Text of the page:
I think the most people I have played with or DM'ed for was 12 at once. We had three or four chairs on each side of a rectangular table, even the DM was cramped for space (I slid over to a corner). Both times were the week of Spring Break when the regulars brought a friend along to check the game out.

It made the combats s-l-o-w but there was no way the PC horde could lose; just a question of how much damage the guys in front would take (or if something exciting would happen like being pushed off a bridge) before the enemies became pincushions of the arcane & mundane, from all the PCs in the back.
 

Bitbrain

Guinea pig in shining armor
I used to frequent Giant in the Playground, until I got my current iPad and it decided GitP was not a safe website. I liked GitP for the discussions on gameplay mechanics, and the World Building subforum was always fun*.

I like RPG.net for the Let’s Read threads. Oh, and the Returned Maztica thread, that guy is brilliant.

Reddit is... not my cup of tea. Every interaction I ever had was negative, so I just stopped going there.

I know my dad likes RPG Stack Exchange. Never been there myself.


*my favorite homebrew setting the GitP community worked on was easily Toxic Sky (?), where people lived on and inside mountains and used airships to travel because below a certain altitude the air was poison gas. Unique and very cool.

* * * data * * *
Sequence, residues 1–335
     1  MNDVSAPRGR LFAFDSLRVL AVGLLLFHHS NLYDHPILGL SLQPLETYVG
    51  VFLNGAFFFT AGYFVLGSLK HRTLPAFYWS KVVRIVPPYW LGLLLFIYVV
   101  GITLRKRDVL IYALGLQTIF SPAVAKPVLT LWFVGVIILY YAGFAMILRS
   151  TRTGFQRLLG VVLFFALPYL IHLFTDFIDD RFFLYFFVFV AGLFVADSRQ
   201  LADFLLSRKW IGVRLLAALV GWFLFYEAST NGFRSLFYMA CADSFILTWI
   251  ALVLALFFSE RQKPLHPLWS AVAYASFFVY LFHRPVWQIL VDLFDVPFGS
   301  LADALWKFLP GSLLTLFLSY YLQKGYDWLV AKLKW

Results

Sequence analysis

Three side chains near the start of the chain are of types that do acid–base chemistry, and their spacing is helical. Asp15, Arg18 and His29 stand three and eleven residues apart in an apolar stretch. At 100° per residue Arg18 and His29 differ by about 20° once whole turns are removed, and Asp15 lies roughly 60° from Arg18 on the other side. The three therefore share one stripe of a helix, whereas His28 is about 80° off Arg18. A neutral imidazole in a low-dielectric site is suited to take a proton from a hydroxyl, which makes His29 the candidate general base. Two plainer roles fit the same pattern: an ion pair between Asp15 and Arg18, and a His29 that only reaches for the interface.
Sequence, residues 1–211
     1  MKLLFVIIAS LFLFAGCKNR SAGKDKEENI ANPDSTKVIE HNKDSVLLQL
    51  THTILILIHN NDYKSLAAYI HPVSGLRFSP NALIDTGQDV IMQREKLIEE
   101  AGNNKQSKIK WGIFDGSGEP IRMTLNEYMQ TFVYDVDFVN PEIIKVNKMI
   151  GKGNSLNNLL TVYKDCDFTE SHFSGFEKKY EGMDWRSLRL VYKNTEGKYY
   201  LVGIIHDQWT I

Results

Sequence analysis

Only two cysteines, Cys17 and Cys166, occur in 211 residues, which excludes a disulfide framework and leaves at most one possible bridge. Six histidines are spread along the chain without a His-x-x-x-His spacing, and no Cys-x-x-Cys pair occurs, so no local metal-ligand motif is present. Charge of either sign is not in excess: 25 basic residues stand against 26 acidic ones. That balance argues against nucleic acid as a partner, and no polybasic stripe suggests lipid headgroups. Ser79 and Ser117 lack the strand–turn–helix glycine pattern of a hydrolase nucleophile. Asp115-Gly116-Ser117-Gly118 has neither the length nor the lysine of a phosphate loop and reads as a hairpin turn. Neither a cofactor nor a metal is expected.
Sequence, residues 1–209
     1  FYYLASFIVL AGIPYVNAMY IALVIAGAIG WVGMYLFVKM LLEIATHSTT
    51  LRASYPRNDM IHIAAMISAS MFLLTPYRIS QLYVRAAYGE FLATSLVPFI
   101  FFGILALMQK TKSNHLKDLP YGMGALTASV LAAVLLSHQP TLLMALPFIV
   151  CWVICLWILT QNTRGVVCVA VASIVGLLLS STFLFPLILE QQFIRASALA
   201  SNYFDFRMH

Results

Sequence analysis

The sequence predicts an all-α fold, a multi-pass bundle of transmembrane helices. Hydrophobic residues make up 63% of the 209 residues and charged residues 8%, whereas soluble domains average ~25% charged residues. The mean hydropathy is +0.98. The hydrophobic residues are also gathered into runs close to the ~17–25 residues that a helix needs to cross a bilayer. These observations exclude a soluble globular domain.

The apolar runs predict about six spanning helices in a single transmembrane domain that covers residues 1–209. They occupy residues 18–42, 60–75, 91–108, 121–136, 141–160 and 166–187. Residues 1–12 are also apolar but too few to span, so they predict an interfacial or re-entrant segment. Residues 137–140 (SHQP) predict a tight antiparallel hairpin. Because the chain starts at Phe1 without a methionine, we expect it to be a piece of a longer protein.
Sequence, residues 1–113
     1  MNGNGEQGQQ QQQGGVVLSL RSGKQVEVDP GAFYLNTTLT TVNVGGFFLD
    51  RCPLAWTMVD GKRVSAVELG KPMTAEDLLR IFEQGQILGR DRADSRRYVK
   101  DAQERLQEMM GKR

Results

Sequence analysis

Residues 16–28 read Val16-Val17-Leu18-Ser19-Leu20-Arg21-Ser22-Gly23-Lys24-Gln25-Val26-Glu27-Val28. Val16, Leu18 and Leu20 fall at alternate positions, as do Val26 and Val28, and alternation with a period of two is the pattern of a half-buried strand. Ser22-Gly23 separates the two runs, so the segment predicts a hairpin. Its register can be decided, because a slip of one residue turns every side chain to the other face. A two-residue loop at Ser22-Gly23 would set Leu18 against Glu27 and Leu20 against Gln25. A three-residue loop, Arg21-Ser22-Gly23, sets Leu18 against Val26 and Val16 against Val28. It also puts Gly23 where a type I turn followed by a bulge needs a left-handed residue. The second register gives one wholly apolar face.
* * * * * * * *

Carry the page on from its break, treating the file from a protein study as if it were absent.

Lanefan

Victoria Rules
Pretty much the only other one I ever look at is Dragonsfoot, mostly because they've got some very good (and free!) resources there for old-school games: adventure modules, articles, character sheets and other forms, etc.

I check out the actual discussion forums there maybe once or twice a year.

In the past I might have signed up for a few other boards but I've no idea what my log-in info was anymore. :)

(Oh, and Reddit is mostly fan art of the "My friend got bored in math class and drew my D&D character!" variety.)
This makes me want to check out Reddit, then, as I'm on the hunt for character art these days.
 


Mistwell

Crusty Old Meatwad (he/him)
I'd say rpgnet isn't at all friendly to right wing extremists, whereas rpgsite is only friendly to right wing extremists.

I cannot speak much to RPGnet but I can to TheRPGsite and I can with 100% certainty that it's a place for anyone, provided they can deal with people with strong attitudes. Which can be tiresome after a while, but is sometimes worth it for the interesting views and deep knowledge of some posters.